When NASA’s Voyager spacecraft visited Saturn’s moon Enceladus, they found a body with young, reflective, icy surface features. Some parts of the surface were older and marked with craters, but the rest had clearly been resurfaced. It was clear evidence that Enceladus was geologically active. The moon is also close to Saturn’s E-ring, and scientists think Enceladus might be the source of the material in that ring, further indicating geological activity.
Since then, we’ve learned a lot more about the frigid moon. It almost certainly has a warm and salty subsurface ocean below its icy exterior, making it a prime target in the search for life. The Cassini spacecraft detected molecular hydrogen—a potential food source for microbes—in plumes coming from Enceladus’ subsurface ocean, and that energized the conversation around the moon’s potential to host life.
Now a new paper uses modelling to understand Enceladus’ chemistry better. The team of researchers behind it says that the subsurface ocean may contain a variety of chemicals that could support a diverse community of microbes.
Continue reading “The Interior of Enceladus Looks Really Great for Supporting Life”
Did comets deliver the elements essential for life on Earth? It’s looking more and more like they could have. At least one comet might have, anyway: 67P/Churyumov–Gerasimenko.
A new study using data from the ESA’s Rosetta mission shows that the comet contains the life-critical element phosphorous.
Continue reading “Solid Phosphorus has been Found in Comets. This Means They Contain All the Raw Elements for Life”
In September, a team of scientists reported finding phosphine in the upper atmosphere of Venus. Phosphine can be a biomarker and is here on Earth. But it’s also present on Jupiter, where it’s produced abiotically. The discovery led to conjecture about what kind of life might survive in Venus’ atmosphere, continually producing the easily-degraded phosphine.
The authors of that study were circumspect about their own results, saying that they hope someone can determine a source for the phosphine, other than life.
Now a new study says that the original phosphine detection is not statistically significant.
Continue reading “Astronomers Challenge Recent Findings About Venus. “No Statistically Significant Detection of Phosphine””
Does it feel like all eyes are on Venus these days? The discovery of the potential biomarker phosphine in the planet’s upper atmosphere last month garnered a lot of attention, as it should. There’s still some uncertainty around what the phosphine discovery means, though.
Now a team of researchers claims they’ve discovered the amino acid glycine in Venus’ atmosphere.
Continue reading “Astronomers Report They’ve Detected the Amino Acid Glycine in the Atmosphere of Venus”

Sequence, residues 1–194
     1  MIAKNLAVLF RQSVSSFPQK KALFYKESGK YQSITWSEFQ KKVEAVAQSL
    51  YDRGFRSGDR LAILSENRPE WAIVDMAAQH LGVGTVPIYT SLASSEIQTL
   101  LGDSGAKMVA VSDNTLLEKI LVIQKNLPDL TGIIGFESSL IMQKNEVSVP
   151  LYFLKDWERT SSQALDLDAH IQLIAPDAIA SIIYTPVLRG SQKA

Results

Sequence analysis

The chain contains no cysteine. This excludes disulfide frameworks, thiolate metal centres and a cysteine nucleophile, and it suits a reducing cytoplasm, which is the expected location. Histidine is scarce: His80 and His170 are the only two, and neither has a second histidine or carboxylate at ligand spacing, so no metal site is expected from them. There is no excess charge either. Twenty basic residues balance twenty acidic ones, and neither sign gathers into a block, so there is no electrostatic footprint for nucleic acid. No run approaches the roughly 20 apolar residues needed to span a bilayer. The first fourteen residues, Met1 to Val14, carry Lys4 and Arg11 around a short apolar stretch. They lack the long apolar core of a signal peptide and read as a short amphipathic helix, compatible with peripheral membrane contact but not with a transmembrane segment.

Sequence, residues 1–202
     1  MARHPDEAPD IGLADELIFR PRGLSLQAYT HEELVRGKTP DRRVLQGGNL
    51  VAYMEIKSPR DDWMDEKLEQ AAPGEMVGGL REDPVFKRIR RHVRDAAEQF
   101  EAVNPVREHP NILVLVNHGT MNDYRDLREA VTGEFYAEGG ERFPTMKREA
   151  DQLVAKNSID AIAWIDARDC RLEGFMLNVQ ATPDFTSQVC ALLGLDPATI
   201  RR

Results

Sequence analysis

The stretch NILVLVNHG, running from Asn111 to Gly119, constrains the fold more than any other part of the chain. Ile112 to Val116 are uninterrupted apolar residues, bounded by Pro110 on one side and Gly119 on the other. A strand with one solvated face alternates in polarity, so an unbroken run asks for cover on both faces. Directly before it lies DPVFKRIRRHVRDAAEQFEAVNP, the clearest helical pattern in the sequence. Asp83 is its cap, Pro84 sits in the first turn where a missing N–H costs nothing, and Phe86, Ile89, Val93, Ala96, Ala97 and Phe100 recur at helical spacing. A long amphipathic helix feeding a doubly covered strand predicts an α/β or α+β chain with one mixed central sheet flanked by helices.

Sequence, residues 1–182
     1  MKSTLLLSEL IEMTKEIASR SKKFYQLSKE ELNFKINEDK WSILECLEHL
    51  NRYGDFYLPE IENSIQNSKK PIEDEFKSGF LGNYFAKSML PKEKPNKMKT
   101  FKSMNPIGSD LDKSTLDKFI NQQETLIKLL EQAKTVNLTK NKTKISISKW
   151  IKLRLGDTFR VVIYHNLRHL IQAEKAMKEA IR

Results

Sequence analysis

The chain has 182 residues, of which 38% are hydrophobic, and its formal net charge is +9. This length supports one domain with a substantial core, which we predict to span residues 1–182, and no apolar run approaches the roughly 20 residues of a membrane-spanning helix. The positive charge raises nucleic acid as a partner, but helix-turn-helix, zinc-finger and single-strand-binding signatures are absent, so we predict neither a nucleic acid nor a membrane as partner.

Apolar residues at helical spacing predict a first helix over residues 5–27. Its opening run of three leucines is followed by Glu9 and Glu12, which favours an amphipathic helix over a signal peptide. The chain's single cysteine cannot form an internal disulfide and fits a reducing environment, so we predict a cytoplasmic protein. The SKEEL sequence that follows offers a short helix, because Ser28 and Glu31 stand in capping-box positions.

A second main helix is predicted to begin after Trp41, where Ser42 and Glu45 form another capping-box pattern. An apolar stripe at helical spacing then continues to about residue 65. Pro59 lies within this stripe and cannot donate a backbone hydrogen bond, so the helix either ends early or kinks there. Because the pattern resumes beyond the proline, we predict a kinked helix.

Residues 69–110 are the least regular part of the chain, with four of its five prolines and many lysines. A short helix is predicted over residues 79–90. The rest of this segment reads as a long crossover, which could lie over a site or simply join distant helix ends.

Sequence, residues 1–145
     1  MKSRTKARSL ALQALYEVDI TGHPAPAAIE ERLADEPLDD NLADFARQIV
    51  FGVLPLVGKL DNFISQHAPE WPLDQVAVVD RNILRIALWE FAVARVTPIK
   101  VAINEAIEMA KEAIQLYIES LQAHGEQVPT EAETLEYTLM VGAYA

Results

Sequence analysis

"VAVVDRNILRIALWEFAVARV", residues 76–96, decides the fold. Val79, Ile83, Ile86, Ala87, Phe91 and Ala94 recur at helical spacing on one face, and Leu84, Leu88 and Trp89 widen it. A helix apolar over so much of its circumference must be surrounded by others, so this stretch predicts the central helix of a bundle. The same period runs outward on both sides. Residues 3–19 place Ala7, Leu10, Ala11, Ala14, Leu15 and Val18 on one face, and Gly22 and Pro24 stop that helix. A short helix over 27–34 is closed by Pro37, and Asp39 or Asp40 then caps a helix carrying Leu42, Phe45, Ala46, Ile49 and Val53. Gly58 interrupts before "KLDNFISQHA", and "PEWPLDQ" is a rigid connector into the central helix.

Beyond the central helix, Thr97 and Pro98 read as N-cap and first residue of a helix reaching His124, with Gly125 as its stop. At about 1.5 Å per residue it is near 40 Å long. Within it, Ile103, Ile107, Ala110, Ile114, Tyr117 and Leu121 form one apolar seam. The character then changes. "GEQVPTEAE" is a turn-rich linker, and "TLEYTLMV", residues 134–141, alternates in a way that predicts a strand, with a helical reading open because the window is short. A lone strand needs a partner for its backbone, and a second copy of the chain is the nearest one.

That’s the kind of headline that can leave us scratching our heads. How can you see tree shadows on other worlds, when those planets are tens or hundreds of light years—or even further—away. As it turns out, there might be a way to do it.
One team of researchers thinks that the idea could potentially be used to answer one of humanity’s long-standing questions: Are we alone?
Continue reading “Here’s a Clever Idea, Looking for the Shadows of Trees On Exoplanets to Detect Multicellular Life”
The discovery of phosphine in Venus’ atmosphere has generated a lot of interest. It has the potential to be a biosignature, though since the discovery, some researchers have thrown cold water on that idea.
But it looks, at least, like the discovery is real, and that one of NASA’s Pioneer spacecraft detected the elusive gas back in 1978. And though it’s not necessarily a biosignature, the authors of a new study think that we need to rethink the chemistry of Venus’ atmosphere.
Continue reading “Did Pioneer See Phosphine in the Clouds of Venus Decades Ago?”
The detection of phosphine in Venus’ atmosphere was one of those quintessential moments in space science. It was an unexpected discovery, and when combined with our incomplete understanding of planetary science, and our wistful hopefulness around the discovery of life, the result was a potent mix that lit up internet headlines.
As always, some of the headlines were a bit of an over-reach. But that’s the way it goes.
At the heart of it all, there is compelling science. And the same, overarching question that keeps popping up: Are we alone?
Continue reading “Maybe Volcanoes Could Explain the Phosphine in Venus’ Atmosphere”
Most everybody knows that the dinosaurs perished rapidly in a tumultuous extinction, caused by an asteroid strike about 66 million years ago. But it looks like another extinction prior to the appearance of the dinosaurs paved the way for their long reign. That extinction took place about 233 million years ago.
And scientists have only now discovered it.
Continue reading “A New Mass Extinction has been Discovered, Wiping Out Life 233 Million Years Ago, and Leading to the Rise of the Dinosaurs”
We know that the carbon in your bones was formed long ago in the heart of a star. But how did that carbon actually make its way to your bones? It’s a bit of a complicated puzzle, and recent observations with the SOFIA observatory show how Mira stars do the trick.
Continue reading “Mira-type variable stars are constantly throwing the key chemicals for life out into space”
Bacteria come in two basic forms: the kinds that use a lot of hydrogen, and the kinds that don’t. And recently researchers think they’ve found a new bacteria that appear to do both at the same time, allowing it to live in a variety of extreme environments, like the ocean floor.
Its name is Acetobacterium woodii, often shortened to A. woodii, and it seems like it’s a superhero of the small-sized world.
Continue reading “An ocean floor bacteria has been found with a totally bizarre metabolism”